All veterinary preceptees accept the challenges awaiting them at various externships, but Christina Mathis has pursued more of these learning opportunities than most.
“Over the course of my four years in vet school, I’ve done more than 30 externships,” she said. “For this fourth year, there are only four, and this one at Fossil Rim has actually been my longest. Two of those each lasted one month, and my next one is at Dallas Zoo for a month.”
The native of Wrangell, Alaska was at Fossil Rim from Nov. 5 to Dec. 12. She majored in biomedical sciences at Texas A&M for her undergraduate studies and is set to graduate from veterinary school at A&M in May 2019.
Mathis explained how she was in position to accumulate nearly three dozen externship experiences.
“I’m an alternate track student, so we actually create our own curriculum,” she said. “We take a basic small animal foundation within the Texas A&M Teaching Hospital, while we plan the rest with externships all over the place. I’ve been to Washington and Tennessee, among many other places, for my externships, but this one has been my favorite. The idea is that A&M has a very small zoo department and you can only take that rotation twice for two weeks each, so if you are interested in doing exotics or wildlife medicine, you have to create your own path.”
Many preceptees have been recommended to seek out Fossil Rim, but her own investigation drew Mathis to the Somervell County facility.
“I was looking for veterinary externships and, during a Google search, Fossil Rim popped up,” she said. “I’d previously visited Fossil Rim (as a general guest), so I was somewhat familiar with the organization and the park itself, which made me want to jump on this opportunity.”
While she was here to learn first and foremost, Mathis was quick to say how much fun her time at Fossil Rim had been.
“Being so close to the animals is something you don’t necessarily get at other (facilities),” she said. “Plus, I’m living in the park (at the Intern House), so that’s really awesome.”
It seems the Fossil Rim preceptorship differentiated itself from the long list of other externships she has accumulated.
“Animals here are taken care of differently compared to all my previous externships,” she said. “They are more like wild animals, in that they are left to do the things they are naturally supposed to do. I didn’t really know what to expect, so I had to make these observations once I was already here.
“I can say I got to do a lot more hands-on work than I expected, which is one of the things fourth-year vet students really look for. Being able to do blood draws, sample collection and anesthesia monitoring were all important to me.”
Mathis reflected on some standout experiences she will recall decades from now.
“The number one thing that stands out is ‘Blake’ the white rhino calf,” she said. “He was actually my first encounter with the rhinos here, and he made a very good impression. He is my favorite animal here without question. ‘Xena’ (the white rhino calf) is cute, too, but she has a bit of an attitude.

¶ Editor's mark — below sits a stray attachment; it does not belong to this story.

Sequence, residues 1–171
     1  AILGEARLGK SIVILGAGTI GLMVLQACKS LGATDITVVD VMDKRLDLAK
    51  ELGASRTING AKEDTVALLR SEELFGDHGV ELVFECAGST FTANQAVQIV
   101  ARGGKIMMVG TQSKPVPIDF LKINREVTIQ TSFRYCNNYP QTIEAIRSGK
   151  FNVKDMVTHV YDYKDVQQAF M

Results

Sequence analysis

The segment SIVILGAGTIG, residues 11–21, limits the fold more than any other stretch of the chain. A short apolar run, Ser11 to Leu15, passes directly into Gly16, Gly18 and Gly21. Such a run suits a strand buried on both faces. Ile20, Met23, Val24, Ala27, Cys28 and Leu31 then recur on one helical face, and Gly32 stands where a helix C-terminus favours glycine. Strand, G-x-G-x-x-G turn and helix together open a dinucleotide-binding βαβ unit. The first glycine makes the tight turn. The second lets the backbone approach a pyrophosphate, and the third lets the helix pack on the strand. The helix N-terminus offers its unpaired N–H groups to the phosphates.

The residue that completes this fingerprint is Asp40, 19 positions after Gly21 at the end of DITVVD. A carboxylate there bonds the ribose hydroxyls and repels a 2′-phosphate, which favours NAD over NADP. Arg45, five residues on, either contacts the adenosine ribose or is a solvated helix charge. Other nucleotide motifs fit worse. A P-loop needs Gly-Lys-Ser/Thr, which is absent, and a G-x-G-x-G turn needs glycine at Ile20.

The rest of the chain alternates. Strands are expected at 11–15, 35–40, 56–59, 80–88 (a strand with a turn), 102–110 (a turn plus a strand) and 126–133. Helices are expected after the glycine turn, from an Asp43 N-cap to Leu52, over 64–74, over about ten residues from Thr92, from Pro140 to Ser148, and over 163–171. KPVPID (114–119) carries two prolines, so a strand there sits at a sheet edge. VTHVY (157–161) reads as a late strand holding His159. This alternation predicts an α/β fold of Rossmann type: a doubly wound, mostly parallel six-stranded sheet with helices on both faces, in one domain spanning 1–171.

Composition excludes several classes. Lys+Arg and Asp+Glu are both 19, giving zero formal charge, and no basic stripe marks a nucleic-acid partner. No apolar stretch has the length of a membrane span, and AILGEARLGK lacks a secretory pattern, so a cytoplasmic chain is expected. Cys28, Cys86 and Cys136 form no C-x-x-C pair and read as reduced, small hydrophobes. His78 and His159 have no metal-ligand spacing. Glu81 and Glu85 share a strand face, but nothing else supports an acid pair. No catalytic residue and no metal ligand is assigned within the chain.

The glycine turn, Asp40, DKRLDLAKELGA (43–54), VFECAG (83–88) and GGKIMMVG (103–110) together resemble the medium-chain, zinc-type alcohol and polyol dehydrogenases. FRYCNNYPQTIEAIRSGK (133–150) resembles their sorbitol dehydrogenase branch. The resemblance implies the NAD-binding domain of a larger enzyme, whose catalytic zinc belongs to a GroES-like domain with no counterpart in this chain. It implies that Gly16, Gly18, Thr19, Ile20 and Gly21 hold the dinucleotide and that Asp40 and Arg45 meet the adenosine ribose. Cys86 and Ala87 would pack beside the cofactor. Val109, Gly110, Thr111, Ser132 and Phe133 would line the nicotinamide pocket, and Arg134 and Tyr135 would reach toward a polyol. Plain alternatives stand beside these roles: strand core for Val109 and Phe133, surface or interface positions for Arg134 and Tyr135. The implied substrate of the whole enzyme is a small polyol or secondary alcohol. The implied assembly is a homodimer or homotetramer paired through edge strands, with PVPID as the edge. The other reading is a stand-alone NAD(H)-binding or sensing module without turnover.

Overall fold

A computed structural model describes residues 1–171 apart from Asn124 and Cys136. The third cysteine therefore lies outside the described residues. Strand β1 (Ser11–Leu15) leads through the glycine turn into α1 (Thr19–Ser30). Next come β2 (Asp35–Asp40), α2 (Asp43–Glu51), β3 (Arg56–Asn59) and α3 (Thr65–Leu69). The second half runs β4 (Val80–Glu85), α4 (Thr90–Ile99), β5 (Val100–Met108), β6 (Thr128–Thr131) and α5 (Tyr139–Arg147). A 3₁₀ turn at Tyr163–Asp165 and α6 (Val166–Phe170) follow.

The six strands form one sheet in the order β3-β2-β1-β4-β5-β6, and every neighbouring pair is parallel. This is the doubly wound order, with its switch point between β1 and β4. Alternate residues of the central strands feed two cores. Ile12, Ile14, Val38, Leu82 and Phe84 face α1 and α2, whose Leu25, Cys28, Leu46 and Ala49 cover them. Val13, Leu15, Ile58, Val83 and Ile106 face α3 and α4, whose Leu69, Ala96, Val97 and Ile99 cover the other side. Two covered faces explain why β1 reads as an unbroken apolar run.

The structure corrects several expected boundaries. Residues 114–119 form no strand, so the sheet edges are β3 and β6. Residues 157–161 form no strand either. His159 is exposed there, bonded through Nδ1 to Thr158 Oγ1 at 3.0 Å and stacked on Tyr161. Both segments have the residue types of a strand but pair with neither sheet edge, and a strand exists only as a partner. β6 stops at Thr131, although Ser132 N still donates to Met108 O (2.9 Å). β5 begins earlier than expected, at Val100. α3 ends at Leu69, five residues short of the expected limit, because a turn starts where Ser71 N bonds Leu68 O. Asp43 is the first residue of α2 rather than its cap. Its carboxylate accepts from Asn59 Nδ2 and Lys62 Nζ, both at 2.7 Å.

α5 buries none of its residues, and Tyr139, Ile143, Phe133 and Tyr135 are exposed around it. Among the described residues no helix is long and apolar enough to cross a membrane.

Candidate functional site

“Mostly what I did with Blake is distract him so that he didn’t bother the vets while they did a procedure on an adult rhino that was having her foot cleaned daily. Also, not to be morbid, but I really enjoyed performing the necropsies. We had one on an Attwater’s prairie chicken that I was able to do myself.
“I would also mention being able to ride along with (Senior Animal Care Specialist – Hoofstock) Justin (Smith) near sundown when he was corralling the giraffes. It was cool to see how he went about gathering them all up.”
On that note, Mathis appreciated being able to learn from multiple departments.
“I really enjoyed working with the carnivore staff,” she said. “We did a lot of cheetah and red wolf care, and all three of them are really nice. I worked with Justin often (for hoofstock), and he was very good about walking me through the steps during an immobilization.
“The veterinary staff was a pleasure to work with. They were really good about targeting my weaker areas and helping me improve. We talked a lot about drug protocols.
“Allyssa the (veterinary) technician helped me with my parasite identification on fecal exams. Being able to learn the basics of the veterinary technician side regarding lab work was much appreciated. All of the one-on-one time with different members of the animal health staff was great.”
With graduation mere months away, Mathis knows where she wants her journey to lead.
“I’m hoping to take a position with a small animal and exotics clinic,” she said. “Hopefully, I can expand that to include deer ranches, farms, and exotic hoofstock. It’s a matter of getting into that niche, but I think Fossil Rim increased my confidence in terms of working with cervids.”
Just as a preceptee would hope, Mathis pointed to specific experiences at Fossil Rim that should benefit her as a professional.
“Immobilizations will play a huge role if I am able to work with cervids and exotic hoofstock,” she said. “That was a mainstay activity here with the vets, so I found it extremely helpful. The things Allyssa taught me during labwork about fecals and such is a crucial part of veterinary medicine. I feel much more prepared now as I get closer to my career.”
There may have been a few externships over the past four years that Mathis would not recommend to another aspiring veterinarian, but Fossil Rim definitely is not one of them.
“I would tell them to do it, because there really isn’t a good reason not to unless you can’t commit to six weeks here,” she said. “They provide housing and a stipend, great mentorship, and it is very educational, as far as animal conservation and animal health are concerned.”
As a former “civilian” visitor to Fossil Rim, Mathis also offered a tip to future first-time guests.
“They need to feed the giraffes; put that at the top of the list,” she said.
-Tye Chandler, Marketing Associate